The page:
What Hurts the Most by Willow Rose is the first novel in a “7th Street Crew” series. The Crew is a set of characters from the past which has come together in the present to solve a mystery involving one or more of them. Early on we meet Blake Mills, an appealing free-lance artist, a bit of a rogue and a bit stupid. Doing whatever one wants as one bounces carelessly through life is appealing to a reader such as myself but having a girlfriend who is married to a general, a power in the local community with hints of connections to a dark force is stupid. Something will go wrong and that central thing forms the theme of this novel. Blake is arrested early in the novel for a crime that we readers suspect he probably did not commit. It might be a revenge thing and a frame constructed by the evil general.
Next, in our setup, we meet Mary. She is a successful journalist but possibly pushes boundaries too much in terms of verification of sources. Shades of Fake News. Punishment is termination of employment. She will go back to Cocoa Beach, Florida at the invitation of her father. Her brother, Blake has been arrested for murder. Maybe her journalistic investigative skills can uncover what really happened. Perhaps her financial condition just got better as she can stay with her father. If only she didn’t hate her stepmother, Laura, so much. Laura helpfully returns the hatred in full measure. Good times for Mary’s Dad. And where is Mary’s biological mother? We quickly find out that she is dead but the cause of her death is another mystery. A single mother with a son, Salter, Mary is concerned about financial stability once her severance package is exhausted. Cocoa Beach is where the “crew” will be reunited.
On to Liz. Watch out for Liz. It seems there is something pathological about her. One clue is the way she and her “posse” threaten to physically emasculate a male pickup in a bar. Forcing him to drink Drano was an added painful touch, one not agreed to by every gang member who followed Liz. Does the fact that Liz is a combat veteran still serving in the Army cause her viciousness? Or is it genetics?
There is a backstory of Penelope, Peter, and a couple of kids. This story involves spousal abuse and a strange medical condition. Does one (spousal abuse) cause the other (medical condition)? Add this mystery to the Blake Mills murder mystery.
Mary reunites with her gang, the 7th Street Crew. There is Sandra, her best friend. There is Chloe, a computer hacker. Computer hackers are an annoying necessity in mystery novels. Startling revelations without much evidentiary base have to come from somewhere. And there is a most important character, Mary’s ex-husband and Salter’s Dad, Joey. He appears in a low-key help mode. He doesn’t want to push any reconciliation with Mary, a goal much desired by Salter. It is good that Joey is there with a place to stay for Mary when Laura, the evil stepmother throws Mary out of her father’s house.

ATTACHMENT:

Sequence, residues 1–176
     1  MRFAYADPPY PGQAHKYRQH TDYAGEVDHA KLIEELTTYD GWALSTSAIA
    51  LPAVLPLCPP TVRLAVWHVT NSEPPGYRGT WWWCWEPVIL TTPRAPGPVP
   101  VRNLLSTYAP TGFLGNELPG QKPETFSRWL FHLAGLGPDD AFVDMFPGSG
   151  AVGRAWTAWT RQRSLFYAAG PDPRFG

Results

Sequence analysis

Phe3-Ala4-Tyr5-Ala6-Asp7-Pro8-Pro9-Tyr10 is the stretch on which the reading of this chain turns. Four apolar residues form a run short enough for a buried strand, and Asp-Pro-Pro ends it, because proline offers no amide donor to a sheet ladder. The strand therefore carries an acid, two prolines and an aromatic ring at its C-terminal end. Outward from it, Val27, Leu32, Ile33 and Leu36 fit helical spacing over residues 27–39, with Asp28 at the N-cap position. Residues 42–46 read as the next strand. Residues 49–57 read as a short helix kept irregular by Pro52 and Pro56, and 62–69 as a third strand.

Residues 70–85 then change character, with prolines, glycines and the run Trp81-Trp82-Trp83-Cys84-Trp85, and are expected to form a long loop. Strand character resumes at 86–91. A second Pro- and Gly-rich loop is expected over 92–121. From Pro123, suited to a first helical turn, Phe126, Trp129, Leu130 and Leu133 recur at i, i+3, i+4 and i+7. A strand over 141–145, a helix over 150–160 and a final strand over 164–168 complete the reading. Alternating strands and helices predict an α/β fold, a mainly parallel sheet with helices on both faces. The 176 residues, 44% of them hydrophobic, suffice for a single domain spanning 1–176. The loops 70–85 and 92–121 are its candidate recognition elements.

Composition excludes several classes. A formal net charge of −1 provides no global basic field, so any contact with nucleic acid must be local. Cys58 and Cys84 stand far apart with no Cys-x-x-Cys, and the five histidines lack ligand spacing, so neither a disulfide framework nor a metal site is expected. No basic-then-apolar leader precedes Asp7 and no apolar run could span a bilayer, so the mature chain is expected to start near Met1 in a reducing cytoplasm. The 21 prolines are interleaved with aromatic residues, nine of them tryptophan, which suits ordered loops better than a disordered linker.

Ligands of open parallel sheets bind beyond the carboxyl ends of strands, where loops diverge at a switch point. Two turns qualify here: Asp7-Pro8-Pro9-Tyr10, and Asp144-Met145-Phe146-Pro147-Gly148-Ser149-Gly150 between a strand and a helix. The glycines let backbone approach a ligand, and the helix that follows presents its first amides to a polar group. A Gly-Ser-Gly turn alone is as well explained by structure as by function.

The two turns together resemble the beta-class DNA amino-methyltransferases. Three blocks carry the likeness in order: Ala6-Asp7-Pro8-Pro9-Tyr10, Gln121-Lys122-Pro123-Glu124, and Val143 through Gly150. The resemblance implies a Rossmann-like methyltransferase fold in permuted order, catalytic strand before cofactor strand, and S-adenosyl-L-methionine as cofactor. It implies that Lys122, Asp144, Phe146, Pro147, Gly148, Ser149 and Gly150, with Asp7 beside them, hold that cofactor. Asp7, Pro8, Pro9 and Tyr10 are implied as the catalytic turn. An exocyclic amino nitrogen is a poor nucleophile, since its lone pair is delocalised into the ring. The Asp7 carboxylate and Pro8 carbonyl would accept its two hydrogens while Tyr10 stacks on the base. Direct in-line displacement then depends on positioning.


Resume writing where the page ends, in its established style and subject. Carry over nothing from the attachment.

And that is the setup for the novel. Nothing more needs to be said at the risk of injecting spoilers. The following line, not a spoiler, is my pick for my favorite line of the novel.
“Am I pretty?” (recurs many times in the novel so I won’t cite a location).
Willow Rose is a prolific author; I would get exhausted (and probably confused) just trying to count the numbers of books, short stories, novels in a series, and boxed sets that she has published. I just accept her figures in the “About the Author” section that there are more than 50 novels to her credit. She writes Mystery, Paranormal, Romance, Suspense, Horror, Supernatural thrillers, and Fantasy. Good enough. I will continue to just be a selfish reader and enjoy her works as I discover them.
Published in 2013, the novel has 95 chapters. Each chapter has a title that is a combination of a month and year. Chapters range from February 1977 to October 2015 with stops in 1978, 1979, 1984, 1986, and 1992. Months in each of the years vary. This is not a minor point and readers should pay attention. Characters may change names due to either marriage or attempts at deception. I found this to be a feature of Willow Rose novels. It gives her the opportunity to weave backstories with present action, something I believe she does skillfully.
The novel moves fast and, as mentioned, crosses several timelines. It is good but all the Willow Rose novels I have read are good. She is one of my “Go To’ authors for a guaranteed good read. And, so far, her endings have surprised me every time. It should not be surprising that I gave this novel five Amazon stars. At 454 pages for USD 0.99, this is a good deal. This novel takes up to 92% of the 454 pages; the rest is an excerpt from what follows next. After all, this is Book One of the series.